Here’s a new twist, the first LA Chef’s Plate column. What’s that? A column that tells the story of one (or more) of the chef’s plates on his or her menu; that is what’s the inspiration, sourcing, prep, cooking and plating rationale for each dish.
Again this isn’t criticism, for lacking a chef’s palate, eating out a lot and snapping nice pictures doesn’t exactly qualify one to be such a critic. An opinion, yes, sometimes informed, but often not.
So again, these “Plates” column are about gathering and sharing that missing information about the chef and what he or she is thinking, plus how those thoughts ultimately are made manifest in what’s being served.
With this disclaimer, the first plate or dish, a porchetta sandwich, profiled comes from a food truck, specifically Chef Evan Funke’s barely marked white “Porchetta Truck” that just started to roam the LA’ region’s street these past few weeks. This is a “temporary truck” cruising Wednesday through Fridays while Evan and his partner Edward Keebler’s new restaurant Bucato is getting built out in Culver City (with its very slow permit processes holding up everything). New changes of use are always a lot trickier, prolonged, and more expensive than second generation restaurant spaces. Plus a single permit approval for a critical path item can hold up the entire show.
Regardless this white truck (with its few tattooed pig signifiers) serves only this one item, a porchetta sandwich without ($5.00) and with an egg ($7.00). The chef’s inspiration comes from his travels through the Lazio region of Italy specifically Marino just south of this region’s main city Rome. There the tronchetto di porchetta made from the whole pig is one of the unifying dishes served from trailer trucks at “room” temperature in Italy.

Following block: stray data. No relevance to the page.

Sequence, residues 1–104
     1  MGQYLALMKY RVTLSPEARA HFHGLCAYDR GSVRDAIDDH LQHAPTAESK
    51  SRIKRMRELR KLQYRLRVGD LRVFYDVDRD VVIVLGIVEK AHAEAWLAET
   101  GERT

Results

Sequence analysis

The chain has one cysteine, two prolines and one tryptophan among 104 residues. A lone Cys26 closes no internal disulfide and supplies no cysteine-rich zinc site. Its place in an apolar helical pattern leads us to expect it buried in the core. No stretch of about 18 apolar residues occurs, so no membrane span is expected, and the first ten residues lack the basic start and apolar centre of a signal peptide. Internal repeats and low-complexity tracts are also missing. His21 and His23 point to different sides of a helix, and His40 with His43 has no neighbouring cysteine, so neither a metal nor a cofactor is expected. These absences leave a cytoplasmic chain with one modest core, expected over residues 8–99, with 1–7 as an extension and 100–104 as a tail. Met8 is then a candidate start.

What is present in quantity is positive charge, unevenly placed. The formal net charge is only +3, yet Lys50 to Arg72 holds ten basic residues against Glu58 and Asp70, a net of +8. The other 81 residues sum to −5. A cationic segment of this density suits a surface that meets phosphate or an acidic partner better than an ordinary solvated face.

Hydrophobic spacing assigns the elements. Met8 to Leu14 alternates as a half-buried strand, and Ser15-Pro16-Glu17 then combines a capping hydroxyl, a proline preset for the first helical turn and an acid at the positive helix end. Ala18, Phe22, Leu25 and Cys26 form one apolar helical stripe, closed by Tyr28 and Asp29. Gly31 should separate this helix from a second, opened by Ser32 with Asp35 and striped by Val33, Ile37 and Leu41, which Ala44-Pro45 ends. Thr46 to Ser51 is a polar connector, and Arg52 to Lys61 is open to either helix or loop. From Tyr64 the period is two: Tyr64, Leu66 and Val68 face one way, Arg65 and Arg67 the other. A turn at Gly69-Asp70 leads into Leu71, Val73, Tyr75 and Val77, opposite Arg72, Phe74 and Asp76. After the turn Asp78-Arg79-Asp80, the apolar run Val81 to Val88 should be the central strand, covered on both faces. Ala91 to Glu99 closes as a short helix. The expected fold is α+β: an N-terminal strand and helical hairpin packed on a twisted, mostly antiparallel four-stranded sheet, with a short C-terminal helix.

Taking an elementary fundamental approach to cooking, Evan wanted to do just one thing well in his truck: this porchetta sandwich that will be served at his forthcoming restaurant. Chef Evan for his version of this dish rather than using the whole hog, due to the size limitation of the truck, uses just the loin and the belly from Heritage pigs locally sourced from Stone Valley Farm where these pigs are humanely raised free range and free of anti-biotics (i.e. no C.A.F.O’s).
With the ribs and other bones removed, the loin and belly are naturally shaped like a comma. Seasoned with six other ingredients, the loin is rolled into the belly and tied with the skin still attached to the outside of the belly. These seven ingredients are then slow cooked for seven hours at two hundred degrees in a flat oven. The skin is then removed, and deep fried. These rolls are sliced to order by the truck’s crew, the future B.O.H. team at Bucato, and placed on a Rockenwagner bun with a square of the deep fried crispy pork skin (chicharrón) added for even more flavor and a little crunch. This sandwich as noted above can be also ordered with an egg (fried in duck fat) from Lily’s Eggs a restaurant supplier of naturally produced eggs from humanely raised chickens. Lily’s Eggs are also available at Santa Monica’s Farmers Market Wednesday and Saturdays.
Unlike the sandwiches that gave inspiration to Evan, Evan serves his truck’s item hot to order. Stalk this truck via twitter @BucatoLA. The quality and execution of the product here could easily be served for $15 in a brick and mortar, so the sandwich with or without the egg represents incredible value, something you don’t always associate with a food truck.